“Wharf Rat” was first performed by the Dead on February 18, 1971, at the Capitol Theater in Port Chester, NY. This is another of those shows that included a number of firsts: “Bertha,” “Greatest Story Ever Told,” “Loser,” and “Playing In the Band.” This is the beginning of the songwriting period in which Hunter and Garcia collaborated on a series of great story songs set in an America peopled by outlaws, the down-and-out, and a range of more or less disreputable characters.

The song always seemed to me to be partially aimed at the Deadheads. As a group, we were perhaps more in danger of falling victim to our addictions than mainstream society. And the fact that our own 12-Step group, of which I am a proud participant, calls itself the Wharf Rats, speaks volumes.

tOM's add: attention...especially to those who may know you better than you currently know yourself...In my case, Eileen has and continues to perform this role...

Slooooooow down and watch what kinds of rabbit trails you follow...stay on the step at a time...Stick with the CHOCOLATE bunnies...Avoid certain WHITE RABBITS...AND, always remember to say GRACE before meals...SLICK, Huh?

Opening Set: Roll Away the Rocks...

Yesterday (Holy Saturday 2022), while spending quiet time keeping vigil in the tomb, I was musing about the Easter morning rock and imagining Augustine forming a band called The City of G-d and releasing a single called "We Built this City on Rocks that Roll." It's about the obstacles to love and our participation in their removal... some have said about the door to our opens from the inside...

Since there isn't yet such a song, imagine alternate lyrics as we take a ride in a Starship...from the Constellation Jefferson. I selected this particular video because it features sacred music venues from around our shared world.

A little later in this adventure we'll go INSIDE this music cathedral where we'll see the DEAD raise people to NEW LIFE...


Time to head back to the candy counter...

Release the children to Sunday School...Let the Child in you go FREEEEE...


Like music and also like to build stuff...???

Here's another...The Etsy seller forgot to update the text in the DropDown box...: )))

Maybe they also sell candy...

--even includes glow-in-the-dark pieces...FAR OUT!!!


--Meanwhile upstairs the grown ups are "dewing" their version...

--See "Furthur" down in this post for Playing for Change's Ripple.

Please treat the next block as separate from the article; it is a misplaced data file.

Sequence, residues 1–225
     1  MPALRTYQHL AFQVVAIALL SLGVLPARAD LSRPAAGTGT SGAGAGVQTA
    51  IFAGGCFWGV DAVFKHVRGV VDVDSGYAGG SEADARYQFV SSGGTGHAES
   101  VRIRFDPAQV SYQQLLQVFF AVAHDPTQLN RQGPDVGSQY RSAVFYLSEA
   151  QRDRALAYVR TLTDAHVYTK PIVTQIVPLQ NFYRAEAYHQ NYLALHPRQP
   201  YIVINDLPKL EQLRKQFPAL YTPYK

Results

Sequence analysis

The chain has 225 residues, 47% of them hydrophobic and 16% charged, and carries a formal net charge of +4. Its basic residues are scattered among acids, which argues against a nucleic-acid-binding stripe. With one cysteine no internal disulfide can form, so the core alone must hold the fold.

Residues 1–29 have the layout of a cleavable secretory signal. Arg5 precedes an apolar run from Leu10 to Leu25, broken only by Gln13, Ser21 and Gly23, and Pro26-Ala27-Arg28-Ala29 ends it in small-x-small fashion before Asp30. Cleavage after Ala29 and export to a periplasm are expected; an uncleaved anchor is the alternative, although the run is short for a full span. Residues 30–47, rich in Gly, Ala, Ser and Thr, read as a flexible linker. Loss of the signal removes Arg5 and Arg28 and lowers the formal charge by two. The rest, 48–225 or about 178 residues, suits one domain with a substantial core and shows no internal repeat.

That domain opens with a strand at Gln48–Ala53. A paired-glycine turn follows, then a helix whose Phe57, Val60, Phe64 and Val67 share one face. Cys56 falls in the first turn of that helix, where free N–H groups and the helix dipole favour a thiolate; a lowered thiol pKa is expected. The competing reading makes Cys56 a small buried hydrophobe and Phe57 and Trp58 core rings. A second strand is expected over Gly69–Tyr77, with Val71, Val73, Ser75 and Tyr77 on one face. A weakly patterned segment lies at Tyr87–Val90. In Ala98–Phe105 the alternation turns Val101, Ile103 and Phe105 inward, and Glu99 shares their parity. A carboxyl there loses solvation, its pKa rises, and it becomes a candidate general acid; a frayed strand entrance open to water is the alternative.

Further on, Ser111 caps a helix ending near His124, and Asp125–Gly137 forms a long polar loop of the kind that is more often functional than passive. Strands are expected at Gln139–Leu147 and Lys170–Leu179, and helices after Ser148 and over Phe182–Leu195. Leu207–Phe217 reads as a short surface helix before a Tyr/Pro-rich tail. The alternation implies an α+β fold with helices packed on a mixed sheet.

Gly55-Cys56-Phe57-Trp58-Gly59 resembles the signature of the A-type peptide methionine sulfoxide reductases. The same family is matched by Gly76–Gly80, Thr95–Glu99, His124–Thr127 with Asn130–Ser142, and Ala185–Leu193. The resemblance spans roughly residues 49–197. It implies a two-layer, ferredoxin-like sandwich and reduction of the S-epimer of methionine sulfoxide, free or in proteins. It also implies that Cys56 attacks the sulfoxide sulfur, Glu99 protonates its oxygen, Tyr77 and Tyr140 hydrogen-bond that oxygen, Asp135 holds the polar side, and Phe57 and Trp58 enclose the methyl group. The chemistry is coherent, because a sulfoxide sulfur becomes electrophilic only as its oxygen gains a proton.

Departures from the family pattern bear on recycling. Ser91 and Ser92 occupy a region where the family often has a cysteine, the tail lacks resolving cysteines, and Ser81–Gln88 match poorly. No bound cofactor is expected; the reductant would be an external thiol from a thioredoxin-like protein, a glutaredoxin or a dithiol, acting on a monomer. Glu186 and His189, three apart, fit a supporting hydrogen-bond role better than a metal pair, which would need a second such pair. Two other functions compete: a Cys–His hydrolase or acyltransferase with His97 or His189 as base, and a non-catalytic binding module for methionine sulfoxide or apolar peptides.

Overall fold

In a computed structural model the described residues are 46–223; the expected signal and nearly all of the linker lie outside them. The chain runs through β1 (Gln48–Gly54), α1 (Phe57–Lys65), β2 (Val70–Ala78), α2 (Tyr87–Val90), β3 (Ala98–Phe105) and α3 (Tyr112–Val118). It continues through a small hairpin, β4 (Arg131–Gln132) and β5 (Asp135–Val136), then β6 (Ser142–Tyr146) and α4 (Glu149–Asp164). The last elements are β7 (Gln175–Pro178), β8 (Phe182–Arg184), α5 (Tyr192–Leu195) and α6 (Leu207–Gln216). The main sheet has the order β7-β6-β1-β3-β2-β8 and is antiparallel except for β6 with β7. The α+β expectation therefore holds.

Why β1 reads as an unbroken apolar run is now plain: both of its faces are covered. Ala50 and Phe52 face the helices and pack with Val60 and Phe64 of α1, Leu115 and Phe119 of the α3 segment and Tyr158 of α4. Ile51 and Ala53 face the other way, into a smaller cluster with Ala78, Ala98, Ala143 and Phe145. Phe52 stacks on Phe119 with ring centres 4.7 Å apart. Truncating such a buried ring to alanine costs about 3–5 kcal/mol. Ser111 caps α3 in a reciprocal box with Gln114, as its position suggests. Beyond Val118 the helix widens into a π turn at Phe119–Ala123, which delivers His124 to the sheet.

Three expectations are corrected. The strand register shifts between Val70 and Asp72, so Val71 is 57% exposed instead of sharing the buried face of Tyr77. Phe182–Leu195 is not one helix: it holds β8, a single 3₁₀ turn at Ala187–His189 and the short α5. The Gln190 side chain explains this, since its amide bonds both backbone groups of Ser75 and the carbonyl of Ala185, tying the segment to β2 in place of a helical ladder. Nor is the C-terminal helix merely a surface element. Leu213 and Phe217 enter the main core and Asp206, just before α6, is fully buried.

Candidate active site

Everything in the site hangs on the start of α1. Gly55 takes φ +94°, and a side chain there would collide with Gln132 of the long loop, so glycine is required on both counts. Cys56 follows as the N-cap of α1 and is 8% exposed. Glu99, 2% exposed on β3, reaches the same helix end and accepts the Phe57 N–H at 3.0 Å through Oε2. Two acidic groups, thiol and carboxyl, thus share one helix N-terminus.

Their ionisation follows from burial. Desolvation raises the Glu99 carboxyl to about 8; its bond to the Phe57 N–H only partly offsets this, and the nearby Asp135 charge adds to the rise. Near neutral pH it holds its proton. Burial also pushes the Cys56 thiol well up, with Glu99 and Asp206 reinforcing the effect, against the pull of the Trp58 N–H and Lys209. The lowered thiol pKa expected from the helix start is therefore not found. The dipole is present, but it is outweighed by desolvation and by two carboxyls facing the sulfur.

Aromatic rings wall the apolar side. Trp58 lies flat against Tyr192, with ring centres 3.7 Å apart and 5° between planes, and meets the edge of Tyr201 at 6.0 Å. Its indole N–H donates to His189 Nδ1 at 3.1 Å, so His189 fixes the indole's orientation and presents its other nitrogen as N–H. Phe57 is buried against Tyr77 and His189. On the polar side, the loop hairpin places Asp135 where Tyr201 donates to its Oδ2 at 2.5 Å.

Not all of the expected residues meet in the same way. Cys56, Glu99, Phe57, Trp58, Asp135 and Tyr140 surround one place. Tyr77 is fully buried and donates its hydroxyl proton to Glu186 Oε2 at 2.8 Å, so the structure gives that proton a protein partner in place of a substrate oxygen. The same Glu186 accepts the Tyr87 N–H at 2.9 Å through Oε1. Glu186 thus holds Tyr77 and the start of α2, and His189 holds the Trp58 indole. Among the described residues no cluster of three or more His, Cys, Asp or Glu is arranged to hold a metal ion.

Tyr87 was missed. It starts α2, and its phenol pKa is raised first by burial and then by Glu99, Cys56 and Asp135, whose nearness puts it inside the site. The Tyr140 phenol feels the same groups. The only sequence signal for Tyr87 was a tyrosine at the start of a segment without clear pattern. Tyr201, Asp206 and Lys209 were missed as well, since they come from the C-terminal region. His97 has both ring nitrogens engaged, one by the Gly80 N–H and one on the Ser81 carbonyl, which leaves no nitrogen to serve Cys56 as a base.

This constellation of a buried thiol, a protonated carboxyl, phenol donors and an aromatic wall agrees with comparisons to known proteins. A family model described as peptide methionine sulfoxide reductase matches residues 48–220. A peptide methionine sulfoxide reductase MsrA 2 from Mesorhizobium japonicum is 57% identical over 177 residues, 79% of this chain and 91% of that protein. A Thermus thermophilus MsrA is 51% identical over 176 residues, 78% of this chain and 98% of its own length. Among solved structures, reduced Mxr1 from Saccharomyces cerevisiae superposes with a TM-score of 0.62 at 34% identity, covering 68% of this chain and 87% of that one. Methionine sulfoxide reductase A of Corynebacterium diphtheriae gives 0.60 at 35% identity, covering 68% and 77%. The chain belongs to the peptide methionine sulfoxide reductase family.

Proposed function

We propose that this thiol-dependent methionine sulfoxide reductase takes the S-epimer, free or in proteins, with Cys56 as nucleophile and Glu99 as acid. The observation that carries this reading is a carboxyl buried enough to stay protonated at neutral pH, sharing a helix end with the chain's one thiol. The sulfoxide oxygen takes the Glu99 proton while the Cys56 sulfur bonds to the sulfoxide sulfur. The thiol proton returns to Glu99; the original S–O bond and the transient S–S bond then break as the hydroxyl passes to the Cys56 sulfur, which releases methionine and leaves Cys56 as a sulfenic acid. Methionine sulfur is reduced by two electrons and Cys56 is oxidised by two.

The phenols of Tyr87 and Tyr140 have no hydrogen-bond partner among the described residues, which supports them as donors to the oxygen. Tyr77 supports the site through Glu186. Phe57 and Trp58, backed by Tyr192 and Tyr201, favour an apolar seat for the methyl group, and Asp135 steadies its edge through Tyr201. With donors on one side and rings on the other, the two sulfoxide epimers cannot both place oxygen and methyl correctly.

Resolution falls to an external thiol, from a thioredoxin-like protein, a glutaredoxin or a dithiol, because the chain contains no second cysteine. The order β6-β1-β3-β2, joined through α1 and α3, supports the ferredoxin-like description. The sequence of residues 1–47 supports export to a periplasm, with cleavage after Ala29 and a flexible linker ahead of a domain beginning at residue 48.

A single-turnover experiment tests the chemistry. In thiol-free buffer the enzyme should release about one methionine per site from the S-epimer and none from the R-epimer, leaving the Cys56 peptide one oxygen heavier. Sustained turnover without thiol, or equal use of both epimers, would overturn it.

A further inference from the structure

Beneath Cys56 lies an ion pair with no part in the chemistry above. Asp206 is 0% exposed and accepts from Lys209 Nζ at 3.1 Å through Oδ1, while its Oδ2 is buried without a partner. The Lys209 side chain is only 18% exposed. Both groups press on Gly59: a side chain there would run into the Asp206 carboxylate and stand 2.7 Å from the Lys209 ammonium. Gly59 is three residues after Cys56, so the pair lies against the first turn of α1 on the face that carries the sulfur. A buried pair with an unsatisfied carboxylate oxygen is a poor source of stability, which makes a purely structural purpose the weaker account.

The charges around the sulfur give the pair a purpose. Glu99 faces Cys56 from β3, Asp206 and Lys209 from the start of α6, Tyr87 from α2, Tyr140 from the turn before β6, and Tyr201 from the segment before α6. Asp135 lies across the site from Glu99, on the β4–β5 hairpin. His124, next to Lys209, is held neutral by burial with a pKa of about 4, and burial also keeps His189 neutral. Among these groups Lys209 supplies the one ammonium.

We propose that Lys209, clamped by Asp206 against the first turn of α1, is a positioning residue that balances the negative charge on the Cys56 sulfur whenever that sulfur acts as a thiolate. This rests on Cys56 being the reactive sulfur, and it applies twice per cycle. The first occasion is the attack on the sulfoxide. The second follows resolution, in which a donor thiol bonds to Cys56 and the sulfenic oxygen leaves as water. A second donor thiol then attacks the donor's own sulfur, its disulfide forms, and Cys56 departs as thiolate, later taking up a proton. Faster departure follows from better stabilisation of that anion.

Sermon: Throwing Stones

Coffee Break/Discussion...

[Selections follow]

Wouldn’t it be great if, someday, this song became irrelevant, an artifact of a barbaric time? But somehow, no. It hangs in there, and doesn’t recede into irrelevance.

Not to dwell on it too much, it seems worth noting that the 1982 Israeli conflict was just one of many at the time--the ongoing Iran-Iraq War, the Soviet war in Afghanistan, not to mention the Falklands War between Argentina and Great Britain. Additionally there was plenty going on in Central America, with revolutionary movements in El Salvador and Nicaragua facing opposition from US-funded military efforts.

After all, where does the song’s title come from? Given Barlow’s theological background, it’s likely taken from the biblical tale of Jesus, told in the Gospel of John, defending a prostitute who is about to be stoned to death, challenging the crowd: “He that is without sin among you, let him first cast a stone at her.” Or, maybe it derives from the folk idiom, “People who live in glass houses should not throw stones.”

Either way, it’s an admonishment to look first at yourself before criticizing the world—to refrain from hypocrisy.

And where did that put all of us who sang the song, who relished the lines about politicians throwing stones, while we, we were on our own? Is there a little bit of irony waiting to be uncovered as we live with the song over the years? I don’t know. I like to think that one of Barlow’s tricks is to plant time bombs of exploding consciousness in his lyrics, but once again, just as with the phenomenon of hearing Hunter’s songs differently over the years, maybe it’s an internal thing, and not intentional. (Although I do think Hunter engaged in a conscious practice of writing songs that would resonate differently at different stages in our lives—part of the magic of his songwriting craft. I wouldn’t put it past Barlow, either.)

Sermons in Stone...

Second Set: Roll Away the Dew...

Honoring my friend Steve’s

“There’s a Grateful Dead song for every occasion”

…Here’s one that features “roll away the dew” - “dew” being seen as a metaphor for obstacles…being asleep…resisting the call...basically anything that hinders our active participation in love.